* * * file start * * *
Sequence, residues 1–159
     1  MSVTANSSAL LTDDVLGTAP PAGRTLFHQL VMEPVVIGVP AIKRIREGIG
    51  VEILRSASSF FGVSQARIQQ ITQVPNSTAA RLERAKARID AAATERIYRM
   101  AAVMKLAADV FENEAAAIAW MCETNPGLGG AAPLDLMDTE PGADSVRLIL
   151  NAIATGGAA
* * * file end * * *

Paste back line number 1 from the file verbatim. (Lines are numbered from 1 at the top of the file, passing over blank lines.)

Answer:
Sequence, residues 1–159